S FUND MANAGER OF LEGG MASON VALUE TRUST,
William H. Miller had built a reputation as one of the world’s
savviest investors. Miller’s fund outperformed the overall market
every year from 1991–2005, a winning streak no other fund manager came
close to matching. But in 2007–2008, Legg Mason Value Trust fell by nearly
65%, almost twice as much as the broader market. As a result of this per-
formance, investors in the fund since 1991 effectively gave back all of the
gains they had earned relative to the market in the intervening years and
Miller’s reputation lay in tatters. Was Miller’s performance prior to 2007
merely luck or was his performance in 2007–2008 the aberration?
According to the CAPM, the market portfolio is efficient, so it should
be impossible to consistently do better than the market without taking on
additional risk. In this chapter, we will take a close look at this prediction
of the CAPM, and assess to what extent the market portfolio is or is not
efficient. We will begin by looking at the role of competition in driving the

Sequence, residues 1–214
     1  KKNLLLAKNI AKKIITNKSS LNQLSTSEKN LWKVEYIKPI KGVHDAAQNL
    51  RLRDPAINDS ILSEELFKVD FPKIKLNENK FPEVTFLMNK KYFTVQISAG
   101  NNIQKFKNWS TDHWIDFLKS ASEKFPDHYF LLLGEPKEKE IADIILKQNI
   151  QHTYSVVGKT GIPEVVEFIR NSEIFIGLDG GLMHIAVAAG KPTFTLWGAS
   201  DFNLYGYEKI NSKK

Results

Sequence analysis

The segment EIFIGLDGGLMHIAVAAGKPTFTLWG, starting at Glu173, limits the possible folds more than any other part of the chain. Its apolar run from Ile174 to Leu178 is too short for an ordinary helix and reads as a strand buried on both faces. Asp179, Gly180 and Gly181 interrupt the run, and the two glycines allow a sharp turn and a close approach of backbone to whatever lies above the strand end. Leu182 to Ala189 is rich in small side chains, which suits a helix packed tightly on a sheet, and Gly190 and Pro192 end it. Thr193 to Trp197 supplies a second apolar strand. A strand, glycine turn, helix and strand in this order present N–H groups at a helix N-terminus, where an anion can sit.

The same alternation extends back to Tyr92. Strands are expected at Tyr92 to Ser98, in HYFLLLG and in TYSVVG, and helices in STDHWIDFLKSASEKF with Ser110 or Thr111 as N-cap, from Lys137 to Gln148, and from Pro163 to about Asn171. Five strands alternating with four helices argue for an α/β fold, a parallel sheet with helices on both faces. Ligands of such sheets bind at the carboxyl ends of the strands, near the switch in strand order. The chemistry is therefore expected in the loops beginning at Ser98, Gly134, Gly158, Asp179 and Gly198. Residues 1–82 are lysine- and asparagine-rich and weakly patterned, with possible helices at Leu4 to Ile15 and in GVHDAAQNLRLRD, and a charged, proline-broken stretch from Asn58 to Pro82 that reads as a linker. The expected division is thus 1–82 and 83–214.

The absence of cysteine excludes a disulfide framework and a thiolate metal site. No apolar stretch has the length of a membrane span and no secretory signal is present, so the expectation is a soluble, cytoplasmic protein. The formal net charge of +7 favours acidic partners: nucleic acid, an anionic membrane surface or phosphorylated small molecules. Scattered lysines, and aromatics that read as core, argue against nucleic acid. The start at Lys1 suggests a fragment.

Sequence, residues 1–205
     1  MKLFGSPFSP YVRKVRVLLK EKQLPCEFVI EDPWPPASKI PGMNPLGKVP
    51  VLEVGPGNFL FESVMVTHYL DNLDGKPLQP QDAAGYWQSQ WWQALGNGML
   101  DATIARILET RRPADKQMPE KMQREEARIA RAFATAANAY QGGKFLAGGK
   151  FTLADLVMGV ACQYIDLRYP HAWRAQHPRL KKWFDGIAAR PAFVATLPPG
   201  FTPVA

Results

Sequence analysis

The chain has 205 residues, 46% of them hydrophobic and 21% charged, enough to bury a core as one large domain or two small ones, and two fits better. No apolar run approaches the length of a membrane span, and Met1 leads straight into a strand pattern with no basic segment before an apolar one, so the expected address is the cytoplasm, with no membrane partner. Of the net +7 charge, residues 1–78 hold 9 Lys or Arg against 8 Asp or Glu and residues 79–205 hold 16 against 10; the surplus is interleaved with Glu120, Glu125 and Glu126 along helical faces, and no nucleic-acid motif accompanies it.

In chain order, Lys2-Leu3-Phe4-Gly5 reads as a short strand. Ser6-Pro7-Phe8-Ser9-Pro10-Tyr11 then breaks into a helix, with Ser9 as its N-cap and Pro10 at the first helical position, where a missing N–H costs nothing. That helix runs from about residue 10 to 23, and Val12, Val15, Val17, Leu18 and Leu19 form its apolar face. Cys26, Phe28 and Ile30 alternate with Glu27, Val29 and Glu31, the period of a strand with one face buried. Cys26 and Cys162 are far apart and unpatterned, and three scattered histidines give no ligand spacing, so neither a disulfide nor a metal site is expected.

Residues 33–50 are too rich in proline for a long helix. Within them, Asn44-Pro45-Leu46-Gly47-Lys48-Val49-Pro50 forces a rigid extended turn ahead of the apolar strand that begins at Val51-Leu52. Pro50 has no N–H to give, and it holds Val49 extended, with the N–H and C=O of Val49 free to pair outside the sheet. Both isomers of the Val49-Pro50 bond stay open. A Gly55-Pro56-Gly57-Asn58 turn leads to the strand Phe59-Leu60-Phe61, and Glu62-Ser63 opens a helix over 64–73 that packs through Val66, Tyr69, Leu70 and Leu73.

CAPM results, noting that for some investors to beat the market, other
investors must be willing to hold portfolios that underperform the market.
We then look at the behavior of individual investors, who tend to make a
number of mistakes that reduce their returns. But while a few professional
fund managers are able to exploit these mistakes and profit from them, it
does not appear that much, if any, of these profits makes it into the hands
of the investors who hold their funds.
On the other hand, we will also consider evidence that certain invest-
ment “styles,” namely holding small stocks, value stocks, and stocks with
high recent returns, perform better than predicted by the CAPM, indi-
cating that the market portfolio may not be efficient. We explore this evi-
dence, and then consider how to calculate the cost of capital if indeed the
market portfolio is not efficient by deriving an alternative model of risk—
the multifactor asset pricing model.
portfolio weight of
return of stock or
risk-free rate of interest
alpha of stock
beta of stock
residual risk of stock
T. Lauricella, “The Stock Picker’s Defeat,”
Wall Street Journal
, December 10, 2008.